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CHAPTER ONE

INTRODUCTION

1.1 Background of the Study

Water is renewable natural resource of earth and sustains the needs of all living

creatures in the world and health depends on the availability of drinking water. It is

considered a basic human right and a part of effective policy for protection of health.

Groundwater is one of the major sources of drinking water in both urban and

rural area and the quality comprises the physical, chemical, and biological properties

of ground water. Quantity and Quality Management of groundwater presents the best

of current thinking on managing groundwater resources. It focuses on the

interrelationship between quantity and quality. Potable ground water is an essential

resource, yet it is exploited and contaminated in developed and developing area.

Water quality has significant role in human health and both natural and

anthropogenic effects govern the quality of ground water within a region. Availability

of potable drinking water is essential to human health all over the world. If

groundwater contains high amount of various ions and salts, using it for leads to

various water borne diseases.

Groundwater is considered as one of major part of the purest forms of water

available in Nature to serve the needs of rural and urban people. Major part of the

Oke-Ila in Ado-Ekiti area populace depends upon freshwater supplies from open

wells, ponds, bore wells, natural springs etc. In addition to this, also groundwater is

continuously used for irrigation in rural area. Due to increased human population,

growth of industrial activities, dumping of industrial waste, improper disposal of


garbage, use of fertilizers in agriculture and manmade activities, quality of water is

polluted in most areas. Rapid growth in population and the quick pace of

industrialization required more potable water and this need affected the quality of

water enormous use of fertilizers and poor conditions in agricultural development led

to the damage of human health. Taking all these factors are consideration, the

researchers conclude that people should have at least minimum knowledge on quality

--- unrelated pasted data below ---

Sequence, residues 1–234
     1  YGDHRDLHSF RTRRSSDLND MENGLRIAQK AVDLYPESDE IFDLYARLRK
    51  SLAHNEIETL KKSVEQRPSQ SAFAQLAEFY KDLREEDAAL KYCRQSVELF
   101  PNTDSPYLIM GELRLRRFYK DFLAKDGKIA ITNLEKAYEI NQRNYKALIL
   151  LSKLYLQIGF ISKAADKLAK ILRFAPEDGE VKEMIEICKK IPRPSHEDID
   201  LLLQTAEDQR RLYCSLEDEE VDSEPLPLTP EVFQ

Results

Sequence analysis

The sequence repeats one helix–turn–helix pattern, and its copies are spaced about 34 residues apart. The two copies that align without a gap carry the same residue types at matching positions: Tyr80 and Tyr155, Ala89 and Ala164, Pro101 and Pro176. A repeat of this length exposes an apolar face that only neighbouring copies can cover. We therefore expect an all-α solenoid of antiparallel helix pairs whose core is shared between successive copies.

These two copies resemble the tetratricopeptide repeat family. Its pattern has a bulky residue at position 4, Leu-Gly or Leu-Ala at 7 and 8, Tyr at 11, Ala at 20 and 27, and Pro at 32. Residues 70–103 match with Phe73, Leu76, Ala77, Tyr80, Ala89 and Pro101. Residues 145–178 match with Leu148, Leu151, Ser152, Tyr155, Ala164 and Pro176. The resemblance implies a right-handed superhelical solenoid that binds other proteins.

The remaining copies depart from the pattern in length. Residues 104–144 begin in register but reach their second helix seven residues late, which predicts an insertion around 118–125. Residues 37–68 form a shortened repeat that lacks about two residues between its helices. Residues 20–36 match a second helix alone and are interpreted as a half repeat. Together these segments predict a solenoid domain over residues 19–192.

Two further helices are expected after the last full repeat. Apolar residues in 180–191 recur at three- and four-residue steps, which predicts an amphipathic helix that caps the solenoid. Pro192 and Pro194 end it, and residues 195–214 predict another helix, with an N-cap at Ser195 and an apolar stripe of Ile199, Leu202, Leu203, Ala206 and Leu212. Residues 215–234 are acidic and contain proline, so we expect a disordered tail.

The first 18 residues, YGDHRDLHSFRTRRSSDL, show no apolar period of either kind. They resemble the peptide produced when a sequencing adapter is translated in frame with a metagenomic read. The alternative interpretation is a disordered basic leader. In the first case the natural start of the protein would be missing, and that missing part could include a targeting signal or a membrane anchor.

of drinking water.

The groundwater quality is assessed to find out the presence of physio-

chemical substances and these substances widely change due to the conditions like

pollutions of various types, variations in monsoon and overutilization of potable

groundwater etc. Therefore, it is mandatory to monitor the quality of potable ground

water to alleviate the problem of pollution in water and pollution causing agents are to

be controlled. Human welfare has directly related to the quality of ground water.

Therefore, monitoring the water quality is one of the essential issues of drinking water

management. This research work attempts to evaluate some physical and chemical

parameters of potable groundwater in the selected locations of area in Oke-Ila Ado-

Ekiti, Nigeria.

1.2 PROBLEM STATEMENT

Water problems base in quantity and quality at Oke-Ila area in Ado-Ekiti region

has been an endless issues. Regardless the Ministry of water resources and other

institutions of water work hard to ensure at least each part of this region obtain water

for domestic uses.


There are many sources for water supply in Oke-Ila such as rivers (Elemi

River), shallow wells, boreholes, springs and rainwater harvesting. Quantity and

quality depend on the sources and methods for water treatment before use.

Most of the western parts of Nigeria experience water shortage and poor

quality of water that is used for domestic water or industrial purpose. This is because

most of these areas are not connected to the city water supply network transmission

(only 40% of consumers are in the system of city water supply water) and poor quality

of water from the sources that are mostly used by people living in those areas. The

common water sources used water supply in these areas is water from ground water

(shallow wells and boreholes).

Water problems in term of quality lead to eruption of water borne diseases like

cholera and dysentery. This is due to water pollution such as poor location of the wells

from the location of pit latrine, poor waste disposal that pollute the ground water i.e.

from industries, toxic chemical are buried into the ground and dissolve rocks and soil

minerals. When water has been polluted even if the water quantity is of high amount

that water will have no meaning to the consumers.

1.3 OBJECTIVE OF THE STUDY

To assess source of water to Oke-Ila inhabitant


To assess different water treatment methods that are commonly used by people at